Kushner’s grandmother, Rae Kushner, escaped from the Novogrudok ghetto in present-day Belarus; his grandfather Joseph Kushner also survived the Nazis. Esther and Mordechai are the Jewish heroes of the Purim story, who convinced a Persian king to cancel a genocide against his Jewish subjects.

Jewish Insider also quoted Norman Eisen, former ethics czar in the Obama White House, calling on Kushner and Ivanka Trump to refute the president’s narrative about Charlottesville.

“I know that every day that passes without them directly acting has the opposite effect,” Eisen said Wednesday. “It enables the ignorance and bigotry of the president. I wish I could tell you that I thought that they would speak out, but nothing we’ve seen from them so far suggests that they’re going to do anything to disagree publicly with Trump.”

The rally in Charlottesville included explicitly Nazi and anti-Semitic chants and signage. One of the leaders of the rally, Christopher Cantwell, who writes the white supremacist blog Radical Agenda, told Vice News Tonight that he was disappointed in Trump for having allowed his daughter to marry a Jew.

“I don’t think you could feel the way about race that I do and watch that Kushner bastard walk around with that beautiful girl, OK?” said Cantwell.

Cantwell included a link to the interview on his own website.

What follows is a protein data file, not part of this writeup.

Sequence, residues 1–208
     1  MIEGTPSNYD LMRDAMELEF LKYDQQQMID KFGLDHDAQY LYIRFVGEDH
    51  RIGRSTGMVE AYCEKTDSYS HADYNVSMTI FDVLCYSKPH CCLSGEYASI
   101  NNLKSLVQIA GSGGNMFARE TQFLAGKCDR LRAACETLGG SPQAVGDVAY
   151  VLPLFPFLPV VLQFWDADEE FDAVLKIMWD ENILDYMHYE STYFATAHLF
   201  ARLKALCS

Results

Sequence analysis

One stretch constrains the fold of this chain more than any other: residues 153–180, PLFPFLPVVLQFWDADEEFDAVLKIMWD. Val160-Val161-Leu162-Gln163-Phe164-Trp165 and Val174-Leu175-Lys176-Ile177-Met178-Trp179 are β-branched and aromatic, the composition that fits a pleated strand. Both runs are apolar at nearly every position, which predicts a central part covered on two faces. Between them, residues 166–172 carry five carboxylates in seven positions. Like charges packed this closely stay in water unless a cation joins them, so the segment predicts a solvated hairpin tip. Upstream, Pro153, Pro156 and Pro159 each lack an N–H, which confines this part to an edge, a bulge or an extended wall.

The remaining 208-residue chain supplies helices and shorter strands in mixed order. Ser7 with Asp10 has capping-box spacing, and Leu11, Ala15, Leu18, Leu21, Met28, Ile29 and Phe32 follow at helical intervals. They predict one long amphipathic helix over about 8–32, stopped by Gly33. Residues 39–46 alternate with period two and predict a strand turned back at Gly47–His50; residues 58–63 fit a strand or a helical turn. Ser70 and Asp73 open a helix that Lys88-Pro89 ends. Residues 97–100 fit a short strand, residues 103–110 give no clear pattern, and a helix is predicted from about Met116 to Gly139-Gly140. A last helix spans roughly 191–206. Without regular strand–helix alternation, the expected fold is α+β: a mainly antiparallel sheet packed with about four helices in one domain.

Fugitive director Roman Polanski, already fighting a 40-year-old underage rape case in a California court, was accused on Tuesday by another woman, who says he raped her in 1973 when she was 16.

Attorney Gloria Allred, who’s become the go-to lawyer for women accusing famous men of sexual abuse in decades-old cases, introduced “Robin M.,” a new accuser of the Oscar-winning director, at a press conference at her office.

Robin M., 59, wouldn’t give her full name or many details of her accusation, but said she was coming forward now, after 44 years of silence, because she was so “infuriated” by Samantha Geimer, Polanski’s long-ago teen victim, who has publicly supported Polanski’s long legal battle to get his case resolved.

Allred said Robin M. has no plans to sue Polanski, now 83, although she could in civil court. Her underage rape charge would appear to be too old to prosecute criminally under California law. But Robin M. did threaten to seek to testify against Polanski should he ever agree to go to trial on the Geimer case.

“I am speaking out now so that Samantha and the world will know that she is not the only minor Roman Polanski victimized,” Robin M. told reporters, adding Polanski’s fame “does not excuse his criminal conduct of sexually victimizing minors.”